By Michele Tallarita ’12
A group of students from diverse majors is working to make a local fish farming operation more economically and environmentally efficient.
The students are members of Technology Clinic, a hands-on course founded in 1987 that combines various student expertise and talents to help solve real-world problems of a business, nonprofit, or government body.
“Tech Clinic is an initiative that draws across majors and disciplines and finds students who know how to cross-train their brains, think creatively about real-life challenges, and collaborate effectively,” says Shehtaz Huq ’14 (Garland, Texas), a double major in film & media studies and English. “Since so many of our students are leaders and initiators in their own right, it is sometimes a challenge to step back and let someone else take the reins—which is what I’ve learned to accept as an integral part of teamwork.”
The team is continuing a project that began last year on the fish-farming operation of David Due in Roseto, Pa. Areas of exploration for improving the pond, which Due has owned for more than 30 years, are both technical and marketing based.
For example, the students are looking to enhance the pond’s mechanisms for aeration, temperature control, and fending off predators. They also are seeking out alternative markets for the fish. This semester, they assessed the viability of supplying to farm-to-table restaurants, forming a recreational fishing pond, and partnering with Bangor Area High School to provide fingerlings to classrooms.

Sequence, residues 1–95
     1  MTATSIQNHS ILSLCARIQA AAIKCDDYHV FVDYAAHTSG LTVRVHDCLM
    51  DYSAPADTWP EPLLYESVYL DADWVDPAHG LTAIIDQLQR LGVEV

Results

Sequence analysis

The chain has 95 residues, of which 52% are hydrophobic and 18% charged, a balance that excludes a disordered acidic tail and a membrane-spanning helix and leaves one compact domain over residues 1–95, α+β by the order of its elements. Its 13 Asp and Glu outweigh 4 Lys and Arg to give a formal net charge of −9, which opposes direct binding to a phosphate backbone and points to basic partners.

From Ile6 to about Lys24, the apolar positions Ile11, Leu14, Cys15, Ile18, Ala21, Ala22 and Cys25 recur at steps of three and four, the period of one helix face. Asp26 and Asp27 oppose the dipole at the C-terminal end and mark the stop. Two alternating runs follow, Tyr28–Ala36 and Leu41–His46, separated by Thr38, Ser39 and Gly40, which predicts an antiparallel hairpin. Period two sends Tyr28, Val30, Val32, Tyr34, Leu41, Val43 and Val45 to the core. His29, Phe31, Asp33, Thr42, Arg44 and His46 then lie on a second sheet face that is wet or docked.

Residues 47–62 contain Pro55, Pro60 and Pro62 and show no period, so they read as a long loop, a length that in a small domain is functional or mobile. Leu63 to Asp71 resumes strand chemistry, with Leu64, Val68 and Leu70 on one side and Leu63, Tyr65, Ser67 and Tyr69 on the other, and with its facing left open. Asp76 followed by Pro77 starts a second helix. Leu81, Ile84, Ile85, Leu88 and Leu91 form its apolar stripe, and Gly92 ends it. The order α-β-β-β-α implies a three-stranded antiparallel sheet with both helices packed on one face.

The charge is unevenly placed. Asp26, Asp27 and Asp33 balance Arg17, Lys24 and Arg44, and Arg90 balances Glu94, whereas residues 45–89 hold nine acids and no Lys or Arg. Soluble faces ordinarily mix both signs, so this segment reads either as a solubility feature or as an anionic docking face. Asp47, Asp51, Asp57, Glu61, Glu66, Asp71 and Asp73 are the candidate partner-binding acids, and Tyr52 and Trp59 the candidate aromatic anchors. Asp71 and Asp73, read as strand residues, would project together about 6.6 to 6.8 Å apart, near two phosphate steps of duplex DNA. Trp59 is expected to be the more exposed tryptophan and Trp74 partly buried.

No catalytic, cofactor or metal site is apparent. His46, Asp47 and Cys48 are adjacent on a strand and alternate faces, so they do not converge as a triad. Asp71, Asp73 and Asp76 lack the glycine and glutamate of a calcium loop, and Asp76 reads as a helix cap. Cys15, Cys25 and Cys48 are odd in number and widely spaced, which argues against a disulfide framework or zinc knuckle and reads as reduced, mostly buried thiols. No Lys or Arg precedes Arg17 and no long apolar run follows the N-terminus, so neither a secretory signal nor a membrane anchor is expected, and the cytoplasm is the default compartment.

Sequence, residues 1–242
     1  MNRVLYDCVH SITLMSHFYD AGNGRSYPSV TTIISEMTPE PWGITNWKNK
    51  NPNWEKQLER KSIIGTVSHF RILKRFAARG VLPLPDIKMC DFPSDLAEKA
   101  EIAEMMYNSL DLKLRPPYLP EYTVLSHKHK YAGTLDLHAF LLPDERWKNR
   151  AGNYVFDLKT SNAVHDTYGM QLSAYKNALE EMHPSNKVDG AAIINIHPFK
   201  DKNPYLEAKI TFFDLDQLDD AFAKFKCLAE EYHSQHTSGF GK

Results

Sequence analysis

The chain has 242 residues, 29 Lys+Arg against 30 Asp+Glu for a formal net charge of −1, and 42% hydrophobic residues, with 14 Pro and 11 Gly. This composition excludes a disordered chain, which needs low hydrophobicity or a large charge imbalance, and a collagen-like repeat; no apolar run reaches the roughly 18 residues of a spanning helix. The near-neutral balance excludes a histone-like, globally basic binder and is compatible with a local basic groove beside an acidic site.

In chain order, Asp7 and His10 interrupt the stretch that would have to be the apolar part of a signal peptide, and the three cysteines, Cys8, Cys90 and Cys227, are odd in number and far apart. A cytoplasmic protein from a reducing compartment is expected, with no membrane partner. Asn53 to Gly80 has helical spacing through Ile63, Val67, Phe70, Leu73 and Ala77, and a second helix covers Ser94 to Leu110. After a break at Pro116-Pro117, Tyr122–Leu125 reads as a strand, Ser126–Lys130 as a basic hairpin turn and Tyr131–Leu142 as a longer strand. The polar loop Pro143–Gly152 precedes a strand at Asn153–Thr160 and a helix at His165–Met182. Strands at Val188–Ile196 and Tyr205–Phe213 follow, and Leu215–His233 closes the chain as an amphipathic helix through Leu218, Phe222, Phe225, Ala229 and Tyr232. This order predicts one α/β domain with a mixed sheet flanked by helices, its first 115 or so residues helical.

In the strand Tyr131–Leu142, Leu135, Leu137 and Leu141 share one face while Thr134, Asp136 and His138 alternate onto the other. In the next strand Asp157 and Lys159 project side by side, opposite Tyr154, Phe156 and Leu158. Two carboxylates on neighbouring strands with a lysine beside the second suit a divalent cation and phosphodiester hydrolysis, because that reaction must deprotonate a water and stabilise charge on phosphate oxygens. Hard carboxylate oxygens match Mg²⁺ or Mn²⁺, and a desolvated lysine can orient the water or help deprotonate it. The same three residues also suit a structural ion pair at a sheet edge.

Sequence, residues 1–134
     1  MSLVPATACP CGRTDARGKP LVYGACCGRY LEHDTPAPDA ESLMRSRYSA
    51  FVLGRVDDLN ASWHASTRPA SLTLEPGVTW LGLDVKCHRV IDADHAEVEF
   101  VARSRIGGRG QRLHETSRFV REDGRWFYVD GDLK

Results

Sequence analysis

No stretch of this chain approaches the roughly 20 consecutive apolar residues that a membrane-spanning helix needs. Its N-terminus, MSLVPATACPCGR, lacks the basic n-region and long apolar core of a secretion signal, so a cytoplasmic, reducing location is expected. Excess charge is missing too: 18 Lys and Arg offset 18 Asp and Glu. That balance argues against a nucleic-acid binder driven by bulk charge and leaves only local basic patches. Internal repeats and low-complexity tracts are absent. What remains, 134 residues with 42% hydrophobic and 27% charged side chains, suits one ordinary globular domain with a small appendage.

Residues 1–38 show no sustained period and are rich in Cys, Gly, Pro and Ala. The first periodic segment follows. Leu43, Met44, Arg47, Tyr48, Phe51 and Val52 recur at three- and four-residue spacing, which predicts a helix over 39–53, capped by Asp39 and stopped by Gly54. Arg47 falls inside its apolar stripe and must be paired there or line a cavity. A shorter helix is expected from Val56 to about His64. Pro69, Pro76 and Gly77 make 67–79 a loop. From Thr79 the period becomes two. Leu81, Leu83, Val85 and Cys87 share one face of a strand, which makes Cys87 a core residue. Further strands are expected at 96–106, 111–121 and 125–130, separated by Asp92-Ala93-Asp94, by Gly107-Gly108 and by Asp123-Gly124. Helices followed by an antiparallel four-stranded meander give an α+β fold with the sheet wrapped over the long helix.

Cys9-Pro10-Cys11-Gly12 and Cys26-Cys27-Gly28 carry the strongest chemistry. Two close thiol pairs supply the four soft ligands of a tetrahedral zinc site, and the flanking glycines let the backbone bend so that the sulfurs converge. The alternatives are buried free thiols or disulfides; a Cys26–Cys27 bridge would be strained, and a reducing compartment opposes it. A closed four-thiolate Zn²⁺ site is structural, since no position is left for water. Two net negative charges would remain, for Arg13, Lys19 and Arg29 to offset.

“We want to make sure the Country Springs Farm’s investment returns profits for the Dues and also to ensure that the farm has the potential to become a financially feasible business,” says Huq.
Benjamin Drake ’14 (Spring Lake Heights, N.J.), an electrical and computer engineering major who plans to work in the field after graduation, has found the experience of taking on a real-world problem both rewarding and helpful in preparing him for his future career.
“Labs and group projects assigned in class are good experience, but it’s different when there is a customer who will be benefiting from your work, not a teacher giving you a grade,” he says. “I definitely feel this experience has helped me to interact with a team and accomplish a proposed task.”
For Huq, who wants to attend graduate school, working with other students on a project for an extended period has prepared her for the graduate atmosphere. She has also been surprised by the ability of students from various academic backgrounds to work as a cohesive group.
“Initially, I thought the six of us would not have much in common,” she says. “Our Tech Clinic has a varsity pole vaulter, an avid soccer player, a female computer science major, and a theater technician…Once we got talking, though, we realized that we are all highly driven and motivated and engaged in what goes on around us,” she says.
Other team members include Ian Crawley ’15 (Doylestown, Pa.), a double major in math and physics; Brooke Kohler ’13 (Flemington, N.J.), an anthropology & sociology major; Franceska Xhakaj ’15 (Vlore, Albania), a computer science major; and Yue Yin ’14 (Shanghai, China), a chemical engineering major. The faculty advisers are Dan Bauer, professor emeritus of anthropology and sociology, and Nancy Waters, associate professor of biology.